There’s a long-running fight between wireless standards to be the one and only to connect all the smart devices in your home. And with an upgrade today, Bluetooth is making a good case for itself.
Bluetooth SIG, the group that oversees the Bluetooth standard, is today releasing the specification for Bluetooth Mesh. If you’re familiar with mesh networking, Bluetooth Mesh is pretty much exactly what it sounds like: it allows low-power Bluetooth devices to create and act like a mesh network.
If you’re not familiar with mesh networking, here’s what it means: most wireless communications go straight from one point to another — say, from your router to your laptop and back again. If your laptop is too far out of range, then you’re just out of luck.
But mesh networks have a useful trick to help data travel longer distances: communications can hop between devices. So if a signal can’t reach its destination on the first try, another device on the network can re-transmit the message, sending it out even farther in hopes of finding the device it’s trying to get in touch with. And this can happen again and again, until the message finally gets where it needs to go.
This is particularly useful for smart home tech, because it allows a device in one corner of the home to send a message that reaches smart devices in all the far nooks and crannies of a house. So a garage door opener, for example, could send a message to turn on the upstairs bedroom lights when you arrive home from work, with the message hopping from one smart light to another in order to reach the distant bulbs.
Mesh networking is also important because many of these devices need to run on very little energy. Sending out a fast signal that stretches from one side of a house to another requires a lot of power, but mesh devices can send out lower-power signals because they’ll get picked up and repeated. That’s important for a device like a battery-powered temperature sensor, so that it can stay running for longer without needing its batteries to be replaced.
Bluetooth SIG is accounting for a bunch of different types of devices using Mesh. It won’t require all devices on a network to rebroadcast signals, for instance, so that they can save even more power. In some cases, really low-power devices may only wake up every few hours and ping a “friend” device (say, a temperature sensor reaching out to a thermostat) to receive any pending messages, like an update to the temperature range it’s supposed to track. The Mesh standard also requires all communications to be encrypted.
Unfortunately, your existing Bluetooth devices aren’t going to suddenly get these abilities overnight — or, potentially, at all. Bluetooth Mesh can be added to any device that already supports Bluetooth 4.0 or 5.0, which is good because it means new hardware isn’t required, so a lot of devices can get support. But whether current devices receive it depends on if their manufacturers release an update.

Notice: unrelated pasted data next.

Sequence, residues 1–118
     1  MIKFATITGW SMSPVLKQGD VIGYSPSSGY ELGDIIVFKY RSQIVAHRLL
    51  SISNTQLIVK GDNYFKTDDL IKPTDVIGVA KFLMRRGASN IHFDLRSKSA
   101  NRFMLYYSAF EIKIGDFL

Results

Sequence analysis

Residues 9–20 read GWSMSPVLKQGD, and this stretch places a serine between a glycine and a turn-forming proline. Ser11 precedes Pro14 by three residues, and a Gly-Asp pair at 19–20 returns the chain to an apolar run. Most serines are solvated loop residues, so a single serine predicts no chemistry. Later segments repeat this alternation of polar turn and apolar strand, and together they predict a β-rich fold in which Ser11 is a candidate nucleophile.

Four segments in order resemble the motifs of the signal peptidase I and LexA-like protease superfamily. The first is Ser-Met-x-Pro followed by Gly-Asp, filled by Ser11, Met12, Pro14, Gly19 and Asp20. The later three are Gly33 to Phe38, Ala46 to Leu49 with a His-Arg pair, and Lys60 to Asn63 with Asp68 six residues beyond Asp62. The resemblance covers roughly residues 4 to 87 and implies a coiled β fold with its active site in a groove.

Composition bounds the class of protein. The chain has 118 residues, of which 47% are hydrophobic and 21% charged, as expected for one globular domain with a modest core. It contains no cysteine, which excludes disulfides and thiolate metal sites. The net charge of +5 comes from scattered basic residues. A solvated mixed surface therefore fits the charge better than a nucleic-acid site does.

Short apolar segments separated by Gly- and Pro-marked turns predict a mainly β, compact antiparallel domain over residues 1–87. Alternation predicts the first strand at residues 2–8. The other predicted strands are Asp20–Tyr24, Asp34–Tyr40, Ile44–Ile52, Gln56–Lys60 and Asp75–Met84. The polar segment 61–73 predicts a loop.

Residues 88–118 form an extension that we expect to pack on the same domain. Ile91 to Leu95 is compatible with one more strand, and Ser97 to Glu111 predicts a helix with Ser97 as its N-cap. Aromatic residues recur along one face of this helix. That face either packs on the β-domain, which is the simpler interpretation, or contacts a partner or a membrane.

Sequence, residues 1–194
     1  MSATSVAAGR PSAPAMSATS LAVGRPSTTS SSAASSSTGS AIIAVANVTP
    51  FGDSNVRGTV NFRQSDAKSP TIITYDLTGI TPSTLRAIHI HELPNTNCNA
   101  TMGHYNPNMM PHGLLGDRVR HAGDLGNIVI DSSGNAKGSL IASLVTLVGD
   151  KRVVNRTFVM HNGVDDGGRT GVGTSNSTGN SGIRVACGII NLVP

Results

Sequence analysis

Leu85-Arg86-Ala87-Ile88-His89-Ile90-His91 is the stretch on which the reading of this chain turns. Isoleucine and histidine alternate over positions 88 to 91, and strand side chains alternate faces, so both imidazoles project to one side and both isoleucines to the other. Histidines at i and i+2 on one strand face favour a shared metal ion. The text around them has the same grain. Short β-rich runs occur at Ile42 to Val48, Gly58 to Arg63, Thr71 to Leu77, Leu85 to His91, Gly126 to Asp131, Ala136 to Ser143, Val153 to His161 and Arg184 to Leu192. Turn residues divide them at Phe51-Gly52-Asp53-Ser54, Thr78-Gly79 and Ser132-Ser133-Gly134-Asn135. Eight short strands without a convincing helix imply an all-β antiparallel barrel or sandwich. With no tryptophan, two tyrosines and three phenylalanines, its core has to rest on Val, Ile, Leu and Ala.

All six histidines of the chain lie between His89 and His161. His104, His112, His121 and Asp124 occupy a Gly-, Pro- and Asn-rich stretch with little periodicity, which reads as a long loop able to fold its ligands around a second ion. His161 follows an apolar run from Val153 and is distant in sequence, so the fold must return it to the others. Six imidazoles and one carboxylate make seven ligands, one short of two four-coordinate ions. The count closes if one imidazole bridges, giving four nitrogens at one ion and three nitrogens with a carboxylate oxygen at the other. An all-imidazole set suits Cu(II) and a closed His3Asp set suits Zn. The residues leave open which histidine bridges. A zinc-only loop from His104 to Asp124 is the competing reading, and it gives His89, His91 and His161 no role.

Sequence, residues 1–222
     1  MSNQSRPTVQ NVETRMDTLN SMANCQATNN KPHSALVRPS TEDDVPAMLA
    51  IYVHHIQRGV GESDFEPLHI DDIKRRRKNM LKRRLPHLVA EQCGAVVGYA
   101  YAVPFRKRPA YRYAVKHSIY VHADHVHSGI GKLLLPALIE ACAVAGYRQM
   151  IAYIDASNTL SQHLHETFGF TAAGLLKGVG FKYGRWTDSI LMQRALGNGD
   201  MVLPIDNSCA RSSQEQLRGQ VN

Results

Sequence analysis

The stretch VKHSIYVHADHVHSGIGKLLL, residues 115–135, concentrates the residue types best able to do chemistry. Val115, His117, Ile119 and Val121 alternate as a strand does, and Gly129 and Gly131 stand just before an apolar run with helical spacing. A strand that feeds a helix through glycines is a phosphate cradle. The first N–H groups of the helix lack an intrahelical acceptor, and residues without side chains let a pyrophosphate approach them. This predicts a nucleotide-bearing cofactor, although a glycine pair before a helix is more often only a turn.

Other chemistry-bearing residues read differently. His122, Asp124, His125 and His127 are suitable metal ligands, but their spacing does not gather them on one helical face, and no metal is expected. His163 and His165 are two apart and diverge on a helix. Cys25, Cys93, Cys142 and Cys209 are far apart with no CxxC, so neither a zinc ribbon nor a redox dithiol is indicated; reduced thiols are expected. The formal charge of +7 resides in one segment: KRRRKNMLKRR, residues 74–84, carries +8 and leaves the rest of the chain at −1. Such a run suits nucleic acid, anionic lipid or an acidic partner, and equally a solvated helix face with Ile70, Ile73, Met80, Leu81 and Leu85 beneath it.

Bluetooth SIG says that it usually expects to see new Bluetooth standards starting to enter the market about six months after they’re released. In this case, it expects Bluetooth Mesh to show up even sooner, since new hardware isn’t required. So there’s a good chance your next Bluetooth device will support mesh, but there’s no guarantee your current ones will.
That said, Bluetooth SIG is preparing for some devices to not get an upgrade. It’s allowing some mesh devices to act as “proxies,” which allow other Bluetooth products to connect to and control devices on the network. That way a phone might be able to connect to a mesh proxy and tell some lights to turn on.
While these changes make Bluetooth far more useful for smart home devices, that doesn’t mean they’re going to end the standards battle anytime soon. For one, we have to wait for a good number of mesh devices to arrive to make the feature useful. Then, we have to see how well Bluetooth Mesh actually works — though Bluetooth has improved in recent years, it’s had reliability and connection issues in the past. If that’s the case here, then Mesh will be a nonstarter.
On top of that, Bluetooth still isn’t perfect for everything. It’s not trying to replace Wi-Fi for high-speed connections, so some devices will still support that. Other products, like Philips’ Hue lights, rely on mesh networking standards, like ZigBee, that are already in use, albeit with far less name recognition and widespread compatibility. Meanwhile, the group that creates Wi-Fi is working on a low-power spec to start going after Bluetooth’s turf, continuing the fight.
It’s never seemed like there would be one and only one wireless standard, no matter how hard these standards groups try. But with the addition of mesh features, Bluetooth is becoming a significantly better option for smart home devices. And thanks to its name recognition and already popular use, there’s a real possibility that Bluetooth will start to push out the smaller mesh standards that are already in use.
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